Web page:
Zimbabwe’s Education Minister Warns Schools Against Violating Rules

Minister Torerayi Moyo tours schools in Harare and Epworth, expresses concern over fee hikes and result withholding

by Victor Adetimilehin

Zimbabwe’s Education Minister Torerayi Moyo has issued a stern warning to schools that are violating the approved and laid down school governance procedures.

Moyo, who was accompanied by his Permanent Secretary Moses Mhike and other ministry officials, toured Oriel Boys High, Eastridge Primary in Harare and Makomo Primary in Epworth on Wednesday to assess the schools’ opening day.

The minister said he was concerned about the most common violations, such as charging school fees and levies exclusively in foreign currency, forcing parents to buy uniforms and stationery from the schools, and withholding results for Grade 7, O and A level candidates.

“In accordance with the Secretary’s Circular No. 10 of 2022, Government policy position is that school fees must be paid in Zimbabwe dollars,” Moyo said.

“No school, therefore, must force any parent to pay fees or levies exclusively in foreign currency since parents are free to pay in a currency of their choice as Zimbabwe operates under a multi-currency regime.

Moyo said schools that fail to comply with the policy will face disciplinary action, including deregistration.


Cholera Protocols and Enrollment

The minister checked whether the schools were observing the cholera protocols that were put in place in 2022 after an outbreak that killed over 50 people and infected thousands.

He expressed satisfaction with the measures taken by the schools to ensure hygiene and sanitation, such as providing clean water, soap, and hand sanitizers.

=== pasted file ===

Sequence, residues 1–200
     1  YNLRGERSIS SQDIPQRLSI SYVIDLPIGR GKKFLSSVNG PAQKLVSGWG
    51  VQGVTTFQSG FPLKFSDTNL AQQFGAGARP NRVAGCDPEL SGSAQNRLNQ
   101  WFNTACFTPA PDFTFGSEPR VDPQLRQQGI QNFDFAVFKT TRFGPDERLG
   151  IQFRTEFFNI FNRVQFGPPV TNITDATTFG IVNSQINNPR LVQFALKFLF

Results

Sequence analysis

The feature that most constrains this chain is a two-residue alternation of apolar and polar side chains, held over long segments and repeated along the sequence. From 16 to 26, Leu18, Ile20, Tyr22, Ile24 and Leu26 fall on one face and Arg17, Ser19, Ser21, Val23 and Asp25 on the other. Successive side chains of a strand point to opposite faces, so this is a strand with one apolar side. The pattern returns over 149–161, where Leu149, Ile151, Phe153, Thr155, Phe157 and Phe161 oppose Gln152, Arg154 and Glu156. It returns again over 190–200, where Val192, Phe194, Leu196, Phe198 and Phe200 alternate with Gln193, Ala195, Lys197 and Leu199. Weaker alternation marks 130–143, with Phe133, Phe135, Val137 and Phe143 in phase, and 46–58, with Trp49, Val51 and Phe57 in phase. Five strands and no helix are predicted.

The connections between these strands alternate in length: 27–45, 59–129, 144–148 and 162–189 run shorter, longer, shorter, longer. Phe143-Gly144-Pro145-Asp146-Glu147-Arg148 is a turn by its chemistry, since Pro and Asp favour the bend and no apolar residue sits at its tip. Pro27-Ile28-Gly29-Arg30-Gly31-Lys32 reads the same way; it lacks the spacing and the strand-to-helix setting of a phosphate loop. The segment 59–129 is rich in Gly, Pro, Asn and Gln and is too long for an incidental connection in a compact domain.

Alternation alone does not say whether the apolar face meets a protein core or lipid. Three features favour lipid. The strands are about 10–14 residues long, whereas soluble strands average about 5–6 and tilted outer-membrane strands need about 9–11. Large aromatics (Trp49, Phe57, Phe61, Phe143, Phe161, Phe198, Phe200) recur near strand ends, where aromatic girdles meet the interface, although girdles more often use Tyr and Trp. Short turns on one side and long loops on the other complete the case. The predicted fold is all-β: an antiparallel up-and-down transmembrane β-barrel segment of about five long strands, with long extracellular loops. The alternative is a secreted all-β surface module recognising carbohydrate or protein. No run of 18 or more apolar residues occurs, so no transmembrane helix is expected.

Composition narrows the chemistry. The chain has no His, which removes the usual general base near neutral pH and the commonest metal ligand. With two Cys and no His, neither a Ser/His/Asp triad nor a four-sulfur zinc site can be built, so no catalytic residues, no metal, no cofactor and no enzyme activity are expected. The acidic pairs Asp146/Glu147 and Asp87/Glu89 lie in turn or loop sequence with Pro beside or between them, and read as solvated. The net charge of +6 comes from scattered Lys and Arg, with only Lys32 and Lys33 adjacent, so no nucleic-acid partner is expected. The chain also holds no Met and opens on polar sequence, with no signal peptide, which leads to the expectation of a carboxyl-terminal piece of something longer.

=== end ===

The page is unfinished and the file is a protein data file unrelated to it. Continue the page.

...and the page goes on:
Moyo also urged the schools not to turn away any learners who want to enroll, especially those from disadvantaged backgrounds.


Schools’ Challenges and Achievements

The schools that the minister visited highlighted some of the challenges and achievements they faced in the previous academic year and their plans for the current one.

Oriel Boys High, which has a student population of 1,200, said it had improved its pass rate from 65% to 75% in O level and from 72% to 82% in A level.

The school also said it had introduced new subjects such as computer science, entrepreneurship, and technical graphics to equip the students with relevant skills for the 21st century.

Eastridge Primary, which has 1,800 pupils, said it had achieved a 100% pass rate in Grade 7 examinations and had also excelled in sports and arts.

The school said it had faced challenges such as inadequate infrastructure, vandalism, and theft of property.

Makomo Primary, which has 2,500 pupils, said it had also attained a 100% pass rate in Grade 7 examinations and had won several awards in music and drama. The school said it had received support from the government and other partners, such as the World Food Programme, which provided food aid to the pupils.

Moyo commended the schools for their achievements and encouraged them to continue working hard to improve the quality of education in the country. He also thanked the parents, teachers, and learners for their resilience and cooperation in the face of the COVID-19 pandemic, which he said had posed unprecedented challenges to the education sector.

He expressed optimism that the country would overcome the pandemic and achieve its vision of becoming an upper-middle-income economy by 2030.


Source: The Herald

You may also like

white logo with motto

The Zimbabwe Advocate is more than just a news outlet. We are a movement, a symbol of resistance against misinformation.

Latest News

© 2024 The Zimbabwe Advocate. All Rights Reserved.